Photography police swoop on innocent tourists

April 16, 2009

An Austrian tourist and his son were left in shock when police demanded they stopped taking pictures of London buses and delete all such images immediately.

Klaus Matzka, 69, from Vienna said police told him it was ‘strictly forbidden’ to take pictures of anything transport related.

Klaus was with his 15-year-old son Loris taking pictures at Walthamstow Central Bus Station when they were approached by two officers at around 3pm on 5 April.

‘Both my son’s and my name, passport numbers and London hotel address were noted in thick paper pads. I have never seen such a thing before,’ said Klaus, adding that the incident has put him off visiting London ever again.

He continued: ‘After that came the worst atrocity I have ever had on a trip in my life. We were forced to delete all pictures we had taken if they contained anything in them with transport – including pictures of fascinating historic station architecture. These deletions were destructions of private property and an encroachment on our privacy.’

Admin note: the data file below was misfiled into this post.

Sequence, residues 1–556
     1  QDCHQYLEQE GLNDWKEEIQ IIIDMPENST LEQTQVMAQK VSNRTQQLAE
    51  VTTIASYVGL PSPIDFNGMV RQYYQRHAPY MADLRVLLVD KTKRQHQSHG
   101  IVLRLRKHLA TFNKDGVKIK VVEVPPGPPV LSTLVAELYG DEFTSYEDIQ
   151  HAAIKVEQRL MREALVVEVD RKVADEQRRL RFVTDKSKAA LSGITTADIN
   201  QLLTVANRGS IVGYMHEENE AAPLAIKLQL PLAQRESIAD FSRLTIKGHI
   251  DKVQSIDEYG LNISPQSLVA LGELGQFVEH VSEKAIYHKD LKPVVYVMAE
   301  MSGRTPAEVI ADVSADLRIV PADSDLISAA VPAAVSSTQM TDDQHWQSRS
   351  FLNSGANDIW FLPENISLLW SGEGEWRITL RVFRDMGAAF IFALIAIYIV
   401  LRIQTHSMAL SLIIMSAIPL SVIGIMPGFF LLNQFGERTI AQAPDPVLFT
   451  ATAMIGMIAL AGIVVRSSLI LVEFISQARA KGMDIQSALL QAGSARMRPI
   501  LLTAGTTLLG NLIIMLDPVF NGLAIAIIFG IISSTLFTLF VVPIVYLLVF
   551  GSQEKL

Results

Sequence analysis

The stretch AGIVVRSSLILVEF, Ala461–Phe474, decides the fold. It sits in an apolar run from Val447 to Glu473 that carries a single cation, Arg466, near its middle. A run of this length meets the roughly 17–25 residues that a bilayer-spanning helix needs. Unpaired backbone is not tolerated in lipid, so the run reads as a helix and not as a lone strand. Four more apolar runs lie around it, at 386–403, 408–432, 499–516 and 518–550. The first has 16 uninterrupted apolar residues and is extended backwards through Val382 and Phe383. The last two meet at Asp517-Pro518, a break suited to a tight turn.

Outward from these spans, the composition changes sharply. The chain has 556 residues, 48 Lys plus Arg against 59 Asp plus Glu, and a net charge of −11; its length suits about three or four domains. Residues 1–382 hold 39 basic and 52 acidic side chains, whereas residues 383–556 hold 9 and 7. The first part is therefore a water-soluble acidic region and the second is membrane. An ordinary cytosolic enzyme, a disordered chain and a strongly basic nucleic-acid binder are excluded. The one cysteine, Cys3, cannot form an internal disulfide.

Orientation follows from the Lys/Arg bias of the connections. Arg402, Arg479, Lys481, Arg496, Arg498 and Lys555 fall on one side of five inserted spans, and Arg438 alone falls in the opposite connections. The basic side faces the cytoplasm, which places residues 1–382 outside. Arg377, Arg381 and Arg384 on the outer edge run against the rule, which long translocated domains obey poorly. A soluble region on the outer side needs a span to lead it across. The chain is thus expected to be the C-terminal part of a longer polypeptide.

The images they were ordered to delete included shots, taken earlier, of the futuristic architecture surrounding Vauxhall Underground and Bus Stations.

Klaus told Amateur Photographer that it was not made clear whether the police action was in connection with counter-terrorism measures, nor which type of forms police had filled out, as Klaus was not given copies.

The retired TV cameraman said he was so shocked by their behaviour that he forgot to ask for the officers’ badge numbers or names.

The Metropolitan Police said it was ‘struggling’ to find copies of the forms completed by the officers but pledged to look into the matter.

A Met spokesman told us: ‘It is not our intention to prevent tourists from taking photos.’

He accepted that officers have no right to delete photographs.

The spokesman said police are supposed to follow strict guidance which states: ‘Once the images are recorded we have no power to delete or confiscate them without a court order, even if they contain damaging or useful evidence?’

He said it is likely that the pair were stopped under the Met’s ‘stop and account’ policy.

The spokesman added: ‘While officers in these heightened [security] times are expected to be vigilant, that’s why we have ‘stop and account’. This is where we talk to people to find out what they are doing and use this as a starting point to see if anything untoward is going on?’

It is not clear whether the officers were fully-trained police or police community support officers.

Klaus and his son were both using Canon Digital Ixus compact cameras and neither was using a tripod.

Klaus said the incident ‘killed’ the good mood he was in during the trip, his 35th visit to the UK capital.


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